In the heyday of punk no demonstration was complete without a rendition of one of the Tom Robinson Band’s politically charged anthems.
Now the “Glad to be Gay” singer hopes to help a new generation to rediscover the power of the protest song with his first new album in two decades.
A vocal supporter of Amnesty International, Rock Against Racism and LGBT rights, Robinson enjoyed chart success with hits including “2-4-6-8 Motorway”, “Up Against the Wall” but is best remembered for “Glad to be Gay”, his singalong paean to homosexual liberation. The BBC tried to ban the song in 1978, a stricture defied by the DJ John Peel.
After turning his back on writing and recording, Cambridge-born Robinson embarked on a new career as a broadcaster, championing independent musicians and emerging artists through his Saturday night show on BBC6 Music.
Now, energised by the young bands given their first national exposure on his show, the 65-year-old has taken the “daunting” decision to return to the pop fray, with a new album which taps into some of the fervour for political change displayed by the crowds of young supporters packing Jeremy Corbyn’s rallies.
Only the Now, Robinson’s first collection of new songs since 1996, finds the singer returning to themes of social justice, in a folk-punk style.
“The Mighty Sword of Justice”, a controversial song attacking government reforms to the Legal Aid system, features Colin Firth, the Oscar-winning actor, reading a BBC News headline report about the withdrawal of support for family cases, which Robinson argues will significantly reduce access to justice.
The song, which also features Billy Bragg on vocals, includes the line: “There’s one law for the rich and another one for the poor, Rebekah’s friends and fortune protected her in court.” It’s a swipe at Rebekah Brooks, the former News International chief executive, who was cleared last year of charges including conspiracy to hack phones. “I’m not making a comment on her guilt or otherwise ... Justice ought to be available to everyone. It costs around £700 to plead not guilty in court, but £150 to plead guilty.”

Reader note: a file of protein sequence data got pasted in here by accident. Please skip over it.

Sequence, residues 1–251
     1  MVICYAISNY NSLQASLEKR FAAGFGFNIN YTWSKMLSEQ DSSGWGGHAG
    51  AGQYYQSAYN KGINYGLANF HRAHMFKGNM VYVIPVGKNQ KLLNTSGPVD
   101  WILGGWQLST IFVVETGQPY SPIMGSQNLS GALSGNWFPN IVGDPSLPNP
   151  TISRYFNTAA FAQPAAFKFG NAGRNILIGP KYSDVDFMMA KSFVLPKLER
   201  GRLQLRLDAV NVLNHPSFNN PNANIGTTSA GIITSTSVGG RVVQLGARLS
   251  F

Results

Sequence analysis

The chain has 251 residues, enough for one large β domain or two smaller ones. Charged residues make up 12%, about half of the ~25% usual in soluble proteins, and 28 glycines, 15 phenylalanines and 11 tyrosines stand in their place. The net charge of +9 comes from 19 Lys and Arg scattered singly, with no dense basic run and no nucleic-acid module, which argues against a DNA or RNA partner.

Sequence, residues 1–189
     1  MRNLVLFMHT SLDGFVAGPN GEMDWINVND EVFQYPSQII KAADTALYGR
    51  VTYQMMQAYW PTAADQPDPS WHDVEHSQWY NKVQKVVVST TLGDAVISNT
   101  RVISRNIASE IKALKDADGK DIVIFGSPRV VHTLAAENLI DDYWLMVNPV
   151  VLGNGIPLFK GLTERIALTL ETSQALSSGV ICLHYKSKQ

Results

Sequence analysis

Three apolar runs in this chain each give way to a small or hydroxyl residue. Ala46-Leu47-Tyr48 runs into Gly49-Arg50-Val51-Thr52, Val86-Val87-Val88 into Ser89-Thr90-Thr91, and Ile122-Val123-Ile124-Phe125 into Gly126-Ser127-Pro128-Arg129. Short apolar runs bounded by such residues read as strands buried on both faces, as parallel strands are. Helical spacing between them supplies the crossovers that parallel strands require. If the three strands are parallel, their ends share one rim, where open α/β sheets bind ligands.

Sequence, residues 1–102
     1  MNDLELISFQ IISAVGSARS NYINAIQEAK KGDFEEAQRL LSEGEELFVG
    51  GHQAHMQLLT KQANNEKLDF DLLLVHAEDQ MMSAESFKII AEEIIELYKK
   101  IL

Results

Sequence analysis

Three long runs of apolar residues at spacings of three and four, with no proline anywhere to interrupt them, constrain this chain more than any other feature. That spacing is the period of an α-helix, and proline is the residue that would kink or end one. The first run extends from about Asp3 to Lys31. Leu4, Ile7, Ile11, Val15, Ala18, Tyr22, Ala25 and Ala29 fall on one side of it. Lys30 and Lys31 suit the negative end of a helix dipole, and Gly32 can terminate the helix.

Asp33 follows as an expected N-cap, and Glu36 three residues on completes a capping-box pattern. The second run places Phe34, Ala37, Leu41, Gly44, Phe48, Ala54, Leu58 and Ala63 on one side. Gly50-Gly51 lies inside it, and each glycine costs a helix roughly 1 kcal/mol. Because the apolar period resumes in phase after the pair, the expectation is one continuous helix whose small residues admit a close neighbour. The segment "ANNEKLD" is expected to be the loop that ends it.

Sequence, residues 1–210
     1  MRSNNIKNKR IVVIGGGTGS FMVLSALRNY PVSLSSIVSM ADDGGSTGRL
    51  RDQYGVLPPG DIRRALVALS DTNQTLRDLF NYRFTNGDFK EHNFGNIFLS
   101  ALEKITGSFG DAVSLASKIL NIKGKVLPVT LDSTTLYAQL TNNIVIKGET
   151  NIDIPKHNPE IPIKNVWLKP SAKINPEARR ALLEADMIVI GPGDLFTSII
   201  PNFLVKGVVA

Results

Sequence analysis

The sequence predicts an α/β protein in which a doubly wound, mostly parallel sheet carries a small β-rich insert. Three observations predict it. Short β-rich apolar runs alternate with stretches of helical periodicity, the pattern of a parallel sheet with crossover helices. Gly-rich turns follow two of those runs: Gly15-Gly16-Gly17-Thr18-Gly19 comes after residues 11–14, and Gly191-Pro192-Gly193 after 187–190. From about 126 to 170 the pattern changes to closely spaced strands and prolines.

The album includes songs attacking bankers bailed out by taxpayers (“Sue me suckers – I don’t care no more, Now government money’s made my job secure”) and the voice of Sir Ian McKellen in the Bible-mocking “Holy Smoke”. It could provide the warm-up music to Corbyn’s rallies. “If your songs don’t reflect feelings you share with your audience then you’re not writing pop music, and I certainly share that widespread belief there’s a small, cynical elite who are taking the rest of us for a ride,” said Robinson. “If only one potential leader of the Opposition is prepared to give voice to this perception, no wonder disillusioned people are rallying to his campaign.”
“Live Aid showed us how much change can be achieved by engaging with the establishment on its own terms. Punk rock and the poll tax riots showed us how much change can be achieved by throwing your toys out of the pram – and there does seem to be deep disaffection and appetite for change out there.”
The singer and his musical collaborator, multi-instrumentalist Gerry Diver, deliberately kept the songs brisk to attract younger listeners. “Most of the songs are around three minutes or under. The attention span of music fans these days is different ... you can’t bore them, they can skip anything after 10 seconds.”
Robinson’s band is currently performing the record to enthusiastic crowds of young fans at festivals.
Much has changed since the late 1970s. Robinson met his wife, Sue, at a Gay Switchboard helpline benefit and has two children. Contracting “late onset bisexuality” has not stopped him singing “Glad to be Gay” with any less conviction.
“I thought it was commercial suicide when I wrote it. I had to trick the closet gays into singing the chorus. Society has changed. But there will still be someone hearing it sung at the top of their voices by a roomful of people for whom that will be a liberating experience. That person could have been me all those years ago.”
The causes are no longer directly political. Robinson attempted suicide as a teenager and the album, out in October, wrestles with the mental health crisis among young men. “I’ve battled depression all my life. The song “Don’t Jump, Don’t Fall” is about someone close to my family who succeeded in a suicide attempt. It’s difficult for young men to talk about battling depression. Today, there is a helpline which I didn’t have – Calm, the Campaign Against Living Miserably.”
The Calm helpline is on 0800 58 58 58Reuse content